Connecticut Court Holds Negligence Misrepresentation Claim Does Not Trigger Defense


In its recent decision in Pa. Gen. Ins. Co. v. Thakur, 2014 U.S. Dist. LEXIS 110251 (D. Conn. Aug. 11, 2014), the United States District Court for the District of Connecticut had occasion to consider whether a claim for negligent misrepresentation can trigger a duty to defend.

Pennsylvania General insured Urmila Thakur under a homeowners’ policy containing a third-party liability coverage part applicable to bodily injury and property damage arising out of an “occurrence.” The policy defined “occurrence” as “an accident, including continuous or repeated exposure to substantially the same general harmful conditions, which results, during the policy period” in bodily injury or property damage. Additionally, the policy contained an exclusion applicable to injury resulting from intentional acts or omissions, or criminal activity.

Thakur was named as a defendant, along with other members of her household, relating to a fraudulent business run out of her home involving preparation of tax returns. While her husband and daughter were found guilty of, or plead guilty to, federal crimes, Thakur was not prosecuted. She was, however, named as a defendant in underlying civil suits relating to the fraudulent scheme.

Pennsylvania General brought a declaratory judgment action against Thakur and sought summary judgment on the duty to defend, arguing that in light of the criminal nature of the acts alleged in the underlying suits, they did not constitute “occurrences.” The court readily agreed that the causes of action alleged in the underlying suits for fraud did not qualify as an “occurrence,” sincese the claims all arose out of Thakur’s fraudulent scheme, which the court agreed could not “even possibly characterized as accidental, unforeseen, or unintended.”

Underlying plaintiffs did, however, allege alternative causes of action for negligent misrepresentation. In considering whether these causes of action triggered Pennsylvania General’s duty to defend, the court observed that under Connecticut law, it is the facts alleged, not plaintiffs legal characterizations of the facts, which dictate coverage. The court also noted that Connecticut courts have long held that the “terminology” used in a complaint cannot transform a lawsuit involving intentional acts into one for negligence that triggers a duty to defend. For instance, in Middlesex Ins. Co. v. Mara, 699 F. Supp. 2d 439 (D. Conn 2010), the District Court of Connecticut held that “merely describing an action in terms of ‘negligence’ is of no consequence when the action itself” can only be deemed intentional.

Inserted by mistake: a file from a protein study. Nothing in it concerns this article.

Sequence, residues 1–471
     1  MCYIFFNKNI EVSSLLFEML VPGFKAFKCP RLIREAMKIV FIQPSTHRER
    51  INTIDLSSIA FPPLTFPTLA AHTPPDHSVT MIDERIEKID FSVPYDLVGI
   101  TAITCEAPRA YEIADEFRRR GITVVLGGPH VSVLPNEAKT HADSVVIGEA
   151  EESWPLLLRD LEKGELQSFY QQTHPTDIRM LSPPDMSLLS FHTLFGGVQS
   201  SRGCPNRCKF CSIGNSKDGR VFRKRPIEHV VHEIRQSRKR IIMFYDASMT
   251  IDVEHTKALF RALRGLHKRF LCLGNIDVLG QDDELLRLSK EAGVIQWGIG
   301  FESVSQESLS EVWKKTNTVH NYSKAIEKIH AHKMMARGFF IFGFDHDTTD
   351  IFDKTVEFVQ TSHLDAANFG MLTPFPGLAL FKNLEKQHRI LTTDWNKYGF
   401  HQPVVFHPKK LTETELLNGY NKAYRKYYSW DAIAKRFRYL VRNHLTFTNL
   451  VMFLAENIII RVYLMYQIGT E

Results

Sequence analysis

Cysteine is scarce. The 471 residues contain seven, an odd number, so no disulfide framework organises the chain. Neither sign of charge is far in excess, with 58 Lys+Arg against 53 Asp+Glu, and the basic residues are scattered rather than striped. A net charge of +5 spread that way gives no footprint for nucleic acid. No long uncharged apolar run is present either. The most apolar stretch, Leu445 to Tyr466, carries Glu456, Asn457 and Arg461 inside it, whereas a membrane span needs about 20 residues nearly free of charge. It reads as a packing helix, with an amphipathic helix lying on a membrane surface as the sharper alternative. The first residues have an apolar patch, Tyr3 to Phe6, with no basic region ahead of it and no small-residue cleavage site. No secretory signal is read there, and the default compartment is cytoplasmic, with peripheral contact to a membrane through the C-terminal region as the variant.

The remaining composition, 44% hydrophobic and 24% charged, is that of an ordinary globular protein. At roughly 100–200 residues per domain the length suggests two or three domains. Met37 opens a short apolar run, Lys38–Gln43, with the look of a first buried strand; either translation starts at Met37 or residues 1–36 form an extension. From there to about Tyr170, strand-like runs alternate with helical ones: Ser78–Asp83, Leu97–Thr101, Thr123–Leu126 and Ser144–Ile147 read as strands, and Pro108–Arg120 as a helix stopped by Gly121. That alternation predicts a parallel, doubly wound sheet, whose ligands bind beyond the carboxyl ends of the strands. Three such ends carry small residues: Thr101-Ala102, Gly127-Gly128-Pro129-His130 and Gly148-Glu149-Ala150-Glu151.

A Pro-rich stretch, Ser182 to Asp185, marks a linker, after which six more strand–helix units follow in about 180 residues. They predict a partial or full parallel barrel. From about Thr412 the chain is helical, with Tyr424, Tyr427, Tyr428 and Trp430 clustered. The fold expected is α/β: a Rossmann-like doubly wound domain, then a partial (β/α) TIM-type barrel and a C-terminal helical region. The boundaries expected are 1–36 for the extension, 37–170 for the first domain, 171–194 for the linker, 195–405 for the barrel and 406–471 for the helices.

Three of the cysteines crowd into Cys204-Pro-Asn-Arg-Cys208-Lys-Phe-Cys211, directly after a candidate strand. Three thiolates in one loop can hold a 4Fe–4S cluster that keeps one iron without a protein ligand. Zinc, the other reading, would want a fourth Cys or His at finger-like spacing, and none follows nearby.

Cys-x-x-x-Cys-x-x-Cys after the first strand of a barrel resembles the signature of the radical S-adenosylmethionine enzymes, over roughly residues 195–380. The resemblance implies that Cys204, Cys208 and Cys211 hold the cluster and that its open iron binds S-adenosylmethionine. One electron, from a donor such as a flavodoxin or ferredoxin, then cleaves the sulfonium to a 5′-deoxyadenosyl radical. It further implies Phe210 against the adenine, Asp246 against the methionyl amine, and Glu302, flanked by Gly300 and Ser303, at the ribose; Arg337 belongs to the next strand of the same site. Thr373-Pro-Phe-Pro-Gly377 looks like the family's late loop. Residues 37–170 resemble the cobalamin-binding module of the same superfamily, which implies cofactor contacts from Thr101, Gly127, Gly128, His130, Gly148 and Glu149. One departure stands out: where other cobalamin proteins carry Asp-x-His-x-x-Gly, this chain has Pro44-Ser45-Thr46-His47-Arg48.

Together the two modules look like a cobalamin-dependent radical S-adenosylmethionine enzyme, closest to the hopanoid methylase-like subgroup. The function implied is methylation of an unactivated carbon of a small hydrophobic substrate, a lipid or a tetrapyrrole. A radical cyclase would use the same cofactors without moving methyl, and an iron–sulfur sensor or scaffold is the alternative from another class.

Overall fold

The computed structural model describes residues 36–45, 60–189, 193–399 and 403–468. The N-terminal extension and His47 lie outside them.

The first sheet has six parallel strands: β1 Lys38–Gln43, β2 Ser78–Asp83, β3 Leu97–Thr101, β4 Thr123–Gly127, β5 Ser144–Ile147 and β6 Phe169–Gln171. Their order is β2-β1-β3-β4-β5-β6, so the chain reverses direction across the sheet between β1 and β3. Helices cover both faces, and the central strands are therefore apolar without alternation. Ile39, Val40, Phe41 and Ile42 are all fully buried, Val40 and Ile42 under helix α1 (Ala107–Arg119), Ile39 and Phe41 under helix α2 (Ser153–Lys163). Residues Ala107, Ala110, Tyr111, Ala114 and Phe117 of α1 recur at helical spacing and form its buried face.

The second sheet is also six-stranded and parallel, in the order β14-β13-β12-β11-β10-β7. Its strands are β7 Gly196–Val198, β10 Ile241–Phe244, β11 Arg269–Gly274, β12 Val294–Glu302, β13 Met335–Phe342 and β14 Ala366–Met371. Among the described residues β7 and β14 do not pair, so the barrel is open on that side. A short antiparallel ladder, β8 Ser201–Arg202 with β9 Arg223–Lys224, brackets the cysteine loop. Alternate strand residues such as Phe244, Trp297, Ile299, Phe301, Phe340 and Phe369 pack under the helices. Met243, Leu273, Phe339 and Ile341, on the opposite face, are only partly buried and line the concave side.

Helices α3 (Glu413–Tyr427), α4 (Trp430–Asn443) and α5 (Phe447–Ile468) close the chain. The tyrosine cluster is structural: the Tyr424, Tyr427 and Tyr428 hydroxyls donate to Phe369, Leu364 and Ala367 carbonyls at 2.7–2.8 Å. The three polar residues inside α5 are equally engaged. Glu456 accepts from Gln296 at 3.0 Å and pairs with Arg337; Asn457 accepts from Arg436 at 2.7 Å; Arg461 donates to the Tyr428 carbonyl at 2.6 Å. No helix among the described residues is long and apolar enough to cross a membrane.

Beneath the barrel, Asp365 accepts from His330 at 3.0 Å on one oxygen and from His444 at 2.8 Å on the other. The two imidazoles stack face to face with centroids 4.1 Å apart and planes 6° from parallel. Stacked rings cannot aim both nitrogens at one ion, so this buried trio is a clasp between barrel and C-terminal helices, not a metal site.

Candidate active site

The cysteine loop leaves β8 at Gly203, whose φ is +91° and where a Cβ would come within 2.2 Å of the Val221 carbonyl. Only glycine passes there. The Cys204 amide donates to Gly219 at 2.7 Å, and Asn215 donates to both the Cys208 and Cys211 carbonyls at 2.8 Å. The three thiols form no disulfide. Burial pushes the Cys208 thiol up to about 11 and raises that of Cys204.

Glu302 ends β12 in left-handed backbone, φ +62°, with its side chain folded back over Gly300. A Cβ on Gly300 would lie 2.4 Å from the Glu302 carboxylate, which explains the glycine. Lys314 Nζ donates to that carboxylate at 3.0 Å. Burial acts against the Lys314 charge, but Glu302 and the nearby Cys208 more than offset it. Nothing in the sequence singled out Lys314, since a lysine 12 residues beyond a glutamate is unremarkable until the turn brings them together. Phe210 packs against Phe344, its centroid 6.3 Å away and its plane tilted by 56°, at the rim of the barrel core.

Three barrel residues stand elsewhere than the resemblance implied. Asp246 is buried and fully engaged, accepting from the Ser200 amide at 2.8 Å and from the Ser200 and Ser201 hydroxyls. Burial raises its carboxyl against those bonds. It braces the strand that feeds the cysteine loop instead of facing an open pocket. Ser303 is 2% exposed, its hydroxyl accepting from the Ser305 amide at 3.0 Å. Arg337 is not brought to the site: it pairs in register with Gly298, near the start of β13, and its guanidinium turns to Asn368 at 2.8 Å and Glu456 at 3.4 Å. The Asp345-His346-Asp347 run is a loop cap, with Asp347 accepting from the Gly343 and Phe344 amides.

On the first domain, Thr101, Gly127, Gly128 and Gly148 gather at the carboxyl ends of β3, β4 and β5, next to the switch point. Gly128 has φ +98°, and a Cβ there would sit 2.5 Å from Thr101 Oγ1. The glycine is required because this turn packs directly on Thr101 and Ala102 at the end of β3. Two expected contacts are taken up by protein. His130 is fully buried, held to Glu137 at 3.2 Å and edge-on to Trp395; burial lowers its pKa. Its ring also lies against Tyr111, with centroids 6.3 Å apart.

Given this legal framework, the court agreed that the negligent misrepresentation claims in the underlying suits did not trigger Pennsylvania General’s duty to defend, explaining:

… these claims are based on Thakur?s representation to the victims that the “program” was legitimate. Even if Thakur was genuinely mistaken about the “program”, and was negligent in being mistaken, such mistakes are not “accidents” so as to qualify as “occurrences” under Connecticut law.

The court further held that the policy’s intentional acts exclusion operated to preclude coverage for the underlying suits since the underlying suits alleged that the insured participated in a criminal scheme.

DISCLAIMER: Because of the generality of this update, the information provided herein may not be applicable in all situations and should not be acted upon without specific legal advice based on particular situations.

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